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The Best Natural Ways to Beat the Winter Blues

The Best Natural Ways to Beat the Winter Blues

In the fall and winter, some people experience what is commonly referred to as the winter blues. Also known as seasonal affective disorder or SAD, the change in mood during the colder months can range from mild fatigue to debilitating depression. For those who have SAD, several all-natural things can help combat the symptoms. Here, we’ll take a look at some of the top ways to beat the winter blues and prevent SAD from taking over your life.

Know the Signs of SAD

The first step in treating SAD involves understanding how to recognize the signs. Seasonal affective disorder should be diagnosed by a professional, but a few signs can tell you when it’s time to call your doctor.

SAD occurs when the days are shorter and the temperatures drop. Researchers have theorized that SAD is triggered by a decrease in daylight, which has a detrimental impact on the brain’s serotonin and melatonin levels. Chemical imbalances can lead to feelings of lethargy, sadness, and sleep issues.

Keep in mind that the general winter blues are much more common than an actual SAD diagnosis. However, even if you don’t have SAD, the following signs could be an indication that the seasonal shift to colder, darker days might be affecting you negatively:

  • You live further from the equator: if you reside in the northern United States, Canada, or Europe, you may be at an increased risk for seasonal affective disorder. People who live in colder climates are twice as likely to experience SAD symptoms compared to those who live in sunny locales.
  • You have sleep issues: as mentioned earlier, less exposure to daylight impacts melatonin, which can wreak havoc on your sleep patterns. You may sleep too much or find it hard to fall asleep at night. 
  • You are moodier: You may find that around the holidays you are more irritable or sad. Sometimes, relationships can suffer as a result of these mood changes. 
  • You lack motivation: Your levels of serotonin, also known as the feel-good hormone, can drop during the colder seasons. Lower serotonin levels affect motivation and can manifest as boredom and apathy. 
  • You are eating more than normal: Some people who suffer from the winter blues use food as a coping mechanism. You might crave more carbohydrates and experience weight gain as a result.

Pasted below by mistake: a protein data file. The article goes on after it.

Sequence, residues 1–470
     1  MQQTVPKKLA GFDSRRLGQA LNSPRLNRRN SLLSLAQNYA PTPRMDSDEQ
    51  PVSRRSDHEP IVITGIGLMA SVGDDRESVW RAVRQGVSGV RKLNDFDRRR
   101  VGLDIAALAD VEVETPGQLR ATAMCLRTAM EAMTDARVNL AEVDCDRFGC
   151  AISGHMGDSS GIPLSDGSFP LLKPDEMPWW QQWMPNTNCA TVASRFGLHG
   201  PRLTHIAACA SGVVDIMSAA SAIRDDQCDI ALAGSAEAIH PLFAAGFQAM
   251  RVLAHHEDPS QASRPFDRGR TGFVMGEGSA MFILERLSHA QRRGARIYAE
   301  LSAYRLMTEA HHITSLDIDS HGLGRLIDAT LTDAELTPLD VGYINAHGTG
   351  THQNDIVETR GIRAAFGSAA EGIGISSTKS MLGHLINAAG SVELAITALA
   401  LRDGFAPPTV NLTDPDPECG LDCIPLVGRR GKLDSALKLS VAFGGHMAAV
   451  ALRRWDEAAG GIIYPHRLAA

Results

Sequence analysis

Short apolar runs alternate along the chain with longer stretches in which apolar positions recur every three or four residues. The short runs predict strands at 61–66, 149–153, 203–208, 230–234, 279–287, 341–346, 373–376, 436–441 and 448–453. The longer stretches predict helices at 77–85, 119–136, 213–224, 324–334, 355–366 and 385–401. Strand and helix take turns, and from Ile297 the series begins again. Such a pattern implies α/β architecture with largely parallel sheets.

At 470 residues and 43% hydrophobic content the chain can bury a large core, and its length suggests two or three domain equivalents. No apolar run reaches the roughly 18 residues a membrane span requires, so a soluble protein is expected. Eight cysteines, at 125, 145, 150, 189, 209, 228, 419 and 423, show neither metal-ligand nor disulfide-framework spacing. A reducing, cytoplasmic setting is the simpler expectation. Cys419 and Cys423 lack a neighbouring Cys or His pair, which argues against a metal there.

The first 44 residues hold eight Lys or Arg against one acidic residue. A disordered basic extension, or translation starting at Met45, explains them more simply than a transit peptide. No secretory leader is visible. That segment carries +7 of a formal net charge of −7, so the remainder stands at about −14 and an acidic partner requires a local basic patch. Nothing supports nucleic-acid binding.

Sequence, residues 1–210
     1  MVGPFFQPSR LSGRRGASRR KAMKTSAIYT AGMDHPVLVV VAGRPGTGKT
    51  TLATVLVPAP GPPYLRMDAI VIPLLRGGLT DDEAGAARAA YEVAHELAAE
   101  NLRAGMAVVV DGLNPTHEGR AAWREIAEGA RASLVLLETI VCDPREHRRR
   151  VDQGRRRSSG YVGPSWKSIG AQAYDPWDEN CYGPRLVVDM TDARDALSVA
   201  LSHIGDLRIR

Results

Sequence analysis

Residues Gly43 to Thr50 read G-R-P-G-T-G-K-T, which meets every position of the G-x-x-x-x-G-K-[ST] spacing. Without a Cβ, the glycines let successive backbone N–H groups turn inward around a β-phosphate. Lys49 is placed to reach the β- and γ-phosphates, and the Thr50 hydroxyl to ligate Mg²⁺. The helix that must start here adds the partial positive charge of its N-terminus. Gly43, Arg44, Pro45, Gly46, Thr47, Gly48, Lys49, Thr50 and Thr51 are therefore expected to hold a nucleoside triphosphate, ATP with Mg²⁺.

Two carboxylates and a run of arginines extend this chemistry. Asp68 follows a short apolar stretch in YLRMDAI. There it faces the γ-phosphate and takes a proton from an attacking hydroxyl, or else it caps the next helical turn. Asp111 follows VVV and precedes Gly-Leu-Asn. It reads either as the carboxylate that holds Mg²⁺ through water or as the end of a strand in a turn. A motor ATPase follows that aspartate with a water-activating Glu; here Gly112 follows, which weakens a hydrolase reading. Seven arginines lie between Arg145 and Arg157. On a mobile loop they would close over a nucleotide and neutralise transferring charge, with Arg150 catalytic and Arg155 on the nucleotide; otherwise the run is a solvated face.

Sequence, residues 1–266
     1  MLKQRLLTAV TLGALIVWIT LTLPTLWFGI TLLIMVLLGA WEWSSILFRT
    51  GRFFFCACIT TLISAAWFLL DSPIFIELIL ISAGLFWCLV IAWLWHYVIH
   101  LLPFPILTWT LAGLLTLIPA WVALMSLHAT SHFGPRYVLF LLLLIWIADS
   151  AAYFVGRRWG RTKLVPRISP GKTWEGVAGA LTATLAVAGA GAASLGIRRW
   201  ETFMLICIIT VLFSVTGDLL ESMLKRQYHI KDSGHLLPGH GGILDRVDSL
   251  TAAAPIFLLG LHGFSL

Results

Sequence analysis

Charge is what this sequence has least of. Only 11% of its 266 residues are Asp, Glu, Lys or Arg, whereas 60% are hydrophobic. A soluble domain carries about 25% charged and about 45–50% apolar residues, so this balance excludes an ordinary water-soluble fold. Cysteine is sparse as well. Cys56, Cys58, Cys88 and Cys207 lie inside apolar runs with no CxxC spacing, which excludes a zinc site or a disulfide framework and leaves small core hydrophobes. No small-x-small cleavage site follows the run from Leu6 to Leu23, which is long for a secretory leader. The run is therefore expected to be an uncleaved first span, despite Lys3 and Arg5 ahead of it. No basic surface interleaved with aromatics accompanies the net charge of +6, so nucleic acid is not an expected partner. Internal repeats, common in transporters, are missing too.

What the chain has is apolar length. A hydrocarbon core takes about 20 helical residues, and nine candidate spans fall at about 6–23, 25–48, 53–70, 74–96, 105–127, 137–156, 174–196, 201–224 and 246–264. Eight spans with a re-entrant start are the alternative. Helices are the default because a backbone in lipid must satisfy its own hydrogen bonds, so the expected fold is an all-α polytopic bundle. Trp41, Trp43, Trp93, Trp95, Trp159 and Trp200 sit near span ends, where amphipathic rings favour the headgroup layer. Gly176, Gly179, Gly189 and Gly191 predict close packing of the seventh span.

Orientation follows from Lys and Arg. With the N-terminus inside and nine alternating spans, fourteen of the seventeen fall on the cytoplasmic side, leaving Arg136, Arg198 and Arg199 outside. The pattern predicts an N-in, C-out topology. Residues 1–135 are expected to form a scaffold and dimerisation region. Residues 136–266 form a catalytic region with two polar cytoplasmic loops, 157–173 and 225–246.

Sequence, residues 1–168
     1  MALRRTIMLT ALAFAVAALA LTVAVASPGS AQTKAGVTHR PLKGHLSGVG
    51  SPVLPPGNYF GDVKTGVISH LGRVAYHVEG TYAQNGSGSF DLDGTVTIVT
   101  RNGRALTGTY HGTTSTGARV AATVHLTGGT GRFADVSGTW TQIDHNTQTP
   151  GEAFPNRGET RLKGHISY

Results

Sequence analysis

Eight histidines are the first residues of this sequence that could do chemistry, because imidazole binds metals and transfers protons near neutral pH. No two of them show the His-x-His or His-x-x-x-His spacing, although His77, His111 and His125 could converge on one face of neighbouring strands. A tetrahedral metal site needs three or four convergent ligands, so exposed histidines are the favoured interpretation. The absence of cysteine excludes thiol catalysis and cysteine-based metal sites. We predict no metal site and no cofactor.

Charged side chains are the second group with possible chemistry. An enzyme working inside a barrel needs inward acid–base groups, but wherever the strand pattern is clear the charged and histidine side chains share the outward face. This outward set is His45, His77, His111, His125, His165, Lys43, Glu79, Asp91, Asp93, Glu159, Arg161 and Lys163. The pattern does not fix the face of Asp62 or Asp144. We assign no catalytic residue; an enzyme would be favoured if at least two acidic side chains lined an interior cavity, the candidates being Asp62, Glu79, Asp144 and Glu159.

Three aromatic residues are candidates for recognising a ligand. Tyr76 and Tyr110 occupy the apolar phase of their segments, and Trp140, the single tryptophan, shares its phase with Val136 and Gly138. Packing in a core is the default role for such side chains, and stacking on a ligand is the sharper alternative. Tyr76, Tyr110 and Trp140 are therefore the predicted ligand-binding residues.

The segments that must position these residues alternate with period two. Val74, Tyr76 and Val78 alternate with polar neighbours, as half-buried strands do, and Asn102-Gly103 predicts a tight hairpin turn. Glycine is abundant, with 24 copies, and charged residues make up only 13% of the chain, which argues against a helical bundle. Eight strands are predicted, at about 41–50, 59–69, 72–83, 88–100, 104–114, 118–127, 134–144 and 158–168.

Clean Up Your Diet

The food you eat affects so many things in your body, and if you have issues with SAD, cleaning up your diet is one way to combat the winter blues. You may find that you are constantly stressed and this, in turn, affects your mood and can make you feel more depressed. Your body naturally craves foods you associate with happiness, which may cause you to overeat or indulge too much in foods that are not good for you. If you find yourself consuming more sugar or carbohydrate-laden foods, making some changes can improve your mood and energy levels. 

Start by being conscious of what you are eating. Keep an electronic or paper journal and document what you eat throughout the day, as well as how you felt after you finished the meal. Take some time to read nutrition labels and learn to recognize harmful ingredients. For example, sugar goes by many names and is often hidden if you don’t know what to look for. Generally, an ingredient ending in -ose (sucrose, glucose, maltose, etc.) will appear in foods with high sugar content. UCLA researchers found that too much sugar can worsen depression by slowing down brain activity. This explains why many people experience a boost of energy after eating sugar, followed by a crash soon after. 

Make an effort to consume whole foods like fruits, vegetables, lean proteins, and whole grains. Avoid processed foods that can contain high amounts of sugars and carbohydrates. 

Get a Light Box

The shorter days in the winter months means that we get less exposure to sunlight. The sun’s rays give us Vitamin D, and many people find that they don’t get enough of this important vitamin during the colder months. As temperatures drop, people tend to stay indoors more often, and this lack of sun exposure can worsen SAD symptoms. 

One remedy for reduced sun exposure is a lightbox. Also called phototherapy boxes, lightboxes are designed to mimic the rays of the sun, but in an indoor environment. There are plenty of options available at various price points, but it’s important to make sure that the lightbox emits low levels of UV light and provides up to 10,000 lumens of illumination. 

To get the most benefit out of lightbox therapy, make sure to use it within one hour of waking up. A session should last between 20 and 30 minutes, and you should make sure that the lightbox is not too close to your body. Place it between 16 and 24 inches from your face. Keep your eyes open when using the lightbox, but avoid staring directly into the light. 


If you find that you suffer from a depressed mood year after year during the same season, you may have seasonal affective disorder. Even if your mood changes aren’t severe and you are not diagnosed with SAD, the tips outlined here can still help improve your mood during the fall and wintertime.

Make an effort to control your diet and try out a lightbox. In addition, you can also engage in mood-boosting activities like yoga, hiking, or meditation. If you find that you are still struggling with a depressed mood, consider reaching out to a professional who can provide the necessary guidance to conquer SAD.